Your income statement tells you how much money you made or lost during a given period. Your balance sheet shows, among other things, how much cash you have on hand at a given moment. But how do you determine where that money came from, and more importantly, where it went? Answer: a cash flow statement!
Cash flow statements reflect the amount of cash and cash equivalents coming into and going out of your business. If you have business stakeholders, you can use the cash flow statement to show where cash came from and how it was used. Since the statement only reflects transactions that directly affect cash receipts and payments, you won't see references to depreciation, bad debt write-offs and credit losses. A cash flow statement gives you a sense of your company's health and your ability to respond to opportunities or challenges quickly.
Breaking Down the Cash Flow Statement
The cash flow statement is divided into three sections: operational cash flow, investment cash flow and financing cash flow.
Operational Cash Flow - Measures the cash flowing in and out of your business based on operations. Selling a product or service provides an inflow of cash from operations, while paying suppliers and employees are examples of cash outflows from operations.
Investment Cash Flow - Investing activities include buying (cash outflow) and selling (cash inflow) assets used to generate business. Examples include buying and selling equipment or stock, and lending money and receiving loan payments.
Financing Cash Flow - Financing activities include borrowing and repaying money, issuing stock or equity, and paying dividends.
Viewing all three sections together provides information on company growth. Is your business investing surplus operational cash flow back into the business? Or are you investing in new equipment, assets, and other opportunities to grow in the future? Are you financing the growth or is it happening organically? Having this information at your fingertips helps you identify areas where you are already doing well and where you can improve.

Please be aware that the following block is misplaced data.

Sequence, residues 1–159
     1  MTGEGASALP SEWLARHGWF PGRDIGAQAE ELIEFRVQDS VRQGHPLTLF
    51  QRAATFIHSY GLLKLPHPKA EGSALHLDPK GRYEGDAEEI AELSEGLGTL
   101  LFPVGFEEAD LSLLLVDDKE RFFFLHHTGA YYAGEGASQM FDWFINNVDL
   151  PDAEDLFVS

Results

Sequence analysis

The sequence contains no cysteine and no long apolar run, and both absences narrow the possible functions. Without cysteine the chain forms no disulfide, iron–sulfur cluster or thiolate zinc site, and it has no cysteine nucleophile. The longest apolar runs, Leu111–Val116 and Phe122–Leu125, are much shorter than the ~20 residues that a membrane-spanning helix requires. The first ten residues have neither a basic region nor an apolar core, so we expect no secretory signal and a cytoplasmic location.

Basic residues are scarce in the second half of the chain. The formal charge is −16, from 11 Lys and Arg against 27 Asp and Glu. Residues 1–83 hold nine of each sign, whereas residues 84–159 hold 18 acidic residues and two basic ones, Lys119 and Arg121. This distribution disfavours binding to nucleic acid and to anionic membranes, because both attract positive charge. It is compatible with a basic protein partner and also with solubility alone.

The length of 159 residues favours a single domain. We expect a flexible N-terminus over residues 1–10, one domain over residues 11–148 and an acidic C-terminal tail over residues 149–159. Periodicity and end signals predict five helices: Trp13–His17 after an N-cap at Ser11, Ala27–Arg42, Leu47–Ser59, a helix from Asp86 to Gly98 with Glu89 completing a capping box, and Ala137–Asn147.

Why a Cash Flow Statement is Useful
Like your other financial statements, the cash flow statement serves as a communication tool, providing valuable business data. For example, negative cash flow from operations, especially for an extended period of time, might indicate that your product or service is under-priced, your operational expenses are too high, or that you have too many accounts receivable. Armed with this knowledge, you can take steps to improve your business practices and support future growth.
Viewed in context over time, the cash flow statement is the best tool to measure your company's liquidity, solvency, and your short-term viability. This information is particularly helpful when evaluating your ability to pay bills. Additionally, when an obligation or investment opportunity arises, you'll know exactly where you stand. And since using cash is much easier and quicker than selling an asset or obtaining financing, you'll already have the information you need to make a decision.
Your cash flow statement is an effective and necessary part of the full set of financial statements you should be looking at on a regular basis. As you manage your company's finances, the cash flow statement will be one of your most powerful financial reporting tools.
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